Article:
Skip to main content

Canada’s main stock index fell into correction territory on Wednesday as investor worries about the outlook for inflation offset higher commodity prices.

The S&P/TSX composite index ended down 52.81 points, or 0.3%, at 19,837.25, its lowest closing level since July 2021.

It took the TSX’s losses since the March 29 closing record high to 10.2%. A correction is confirmed when an index closes 10% or more below its record closing level.

U.S. stocks have been faring even worse this year, including on Wednesday, when the Nasdaq dropped more than 3% and the Dow fell for a fifth straight day after U.S. inflation data did little to ease investor worries over the outlook for interest rates and the economy.

The benchmark S&P 500 lost 1.7% and is now down 18% from its Jan. 3 record closing high.

The Labor Department’s monthly consumer price index (CPI) report suggested inflation may have peaked in April but is likely to stay strong enough to keep the Federal Reserve’s foot on the brakes to cool demand.

The CPI increased 0.3% last month, the smallest gain since last August, while economists polled by Reuters had forecast consumer prices gaining 0.2% in April.

“It did not dispel the notion that there’s more to go in terms of reining in inflation,” said Quincy Krosby, chief equity strategist at LPL Financial in Charlotte, North Carolina.

“The market is trying to make sense of whether we’re also going to see growth pullback more than expected” as the Fed raises rates, she said.

The U.S. inflation report sets the backdrop for Canadian consumer price data next Wednesday.

“Canadian and U.S. economies are closely linked. Therefore, I think you can expect the market to use the U.S. release as a pointer for the Canadian figure next week,” said Stuart Cole, head macroeconomist at Equiti Capital.

Money markets expect the Bank of Canada to hike by half a percentage point for a second straight policy meeting on June 1 to help cool price pressures.

The Toronto market’s consumer discretionary sector fell 2.5% on Wednesday, while information technology ended 1.6% lower.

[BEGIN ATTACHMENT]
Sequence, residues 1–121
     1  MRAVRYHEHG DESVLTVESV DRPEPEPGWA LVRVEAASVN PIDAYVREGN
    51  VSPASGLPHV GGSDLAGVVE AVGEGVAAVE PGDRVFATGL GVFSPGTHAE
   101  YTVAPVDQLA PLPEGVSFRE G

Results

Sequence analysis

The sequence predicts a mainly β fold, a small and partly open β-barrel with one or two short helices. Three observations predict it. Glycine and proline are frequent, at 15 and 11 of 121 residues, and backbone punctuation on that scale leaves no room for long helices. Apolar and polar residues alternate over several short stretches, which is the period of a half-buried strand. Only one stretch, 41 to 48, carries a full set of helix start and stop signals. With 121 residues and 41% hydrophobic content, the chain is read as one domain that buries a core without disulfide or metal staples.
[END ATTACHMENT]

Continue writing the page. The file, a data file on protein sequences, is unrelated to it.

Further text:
Higher interest rates reduce the value to investors of the future cash flows that technology and other high-growth sectors are expected to produce.

In contrast, the energy sector rallied 1.5%, helped by a rebound in crude oil as flows of Russian gas to Europe fell. U.S. crude oil futures settled nearly 6% higher at $105.71 a barrel.

Shares of Endeavour Silver Corp rose 7.7% after the company reported upbeat first-quarter results. That helped the materials group, which includes precious and base metals miners and fertilizer companies, to post a modest gain, advancing 0.3%.

Gold was up 0.8% at about $1,853 per ounce.

On Wall Street, Apple shares dropped 5.2% and were the biggest weight on the Nasdaq and S&P 500 indexes.

“There is much focus right now on Apple,” Krosby said. “Given its weighting, Apple is the bellwether for the market from many perspectives.”

Investor concerns about whether the Fed will continue to hike interest rates aggressively have hit growth stocks especially hard. The consumer discretionary and technology sectors fell about 3% each, leading S&P 500 sector declines.

The Dow Jones Industrial Average fell 326.63 points, or 1.02%, to 31,834.11, the S&P 500 lost 65.87 points, or 1.65%, to 3,935.18 and the Nasdaq Composite dropped 373.44 points, or 3.18%, to 11,364.24.

The Dow’s five-day decline was its longest losing streak since mid-February.

Energy shares ended higher and helped to limit some of the declines in the S&P 500 and Dow. Exxon Mobil Corp shares were up 2.1%.

Value outperformed growth shares in general. The S&P growth index was down 2.8% on the day versus a 0.5% decline in the S&P value index.

Investors are anxious to see more data on inflation Thursday, when U.S. producer price index data is due.

Stocks have fallen this year following the rate concerns, as well as the Ukraine war and the latest coronavirus lockdowns in China.

Coinbase Global Inc slid 26.4% after its first-quarter revenue missed estimates amid turmoil in global markets that has curbed investor appetite for risk assets.

Volume on U.S. exchanges was 15.38 billion shares, compared with the 12.75 billion average for the full session over the last 20 trading days. Declining issues outnumbered advancing ones on the NYSE by a 2.16-to-1 ratio; on Nasdaq, a 3.70-to-1 ratio favored decliners. The S&P 500 posted 1 new 52-week highs and 67 new lows; the Nasdaq Composite recorded 10 new highs and 1,221 new lows.

In early trade Wednesday, benchmark 10-year Treasury yields had fallen to their lowest levels in a week. But after the inflation data, yields marched back up toward the three-year high of 3.203% hit on Monday before falling again.

By late afternoon, benchmark 10-year notes were yielding 2.9148%, from 2.993% late on Monday.

Reuters, Globe staff

Be smart with your money. Get the latest investing insights delivered right to your inbox three times a week, with the Globe Investor newsletter. Sign up today.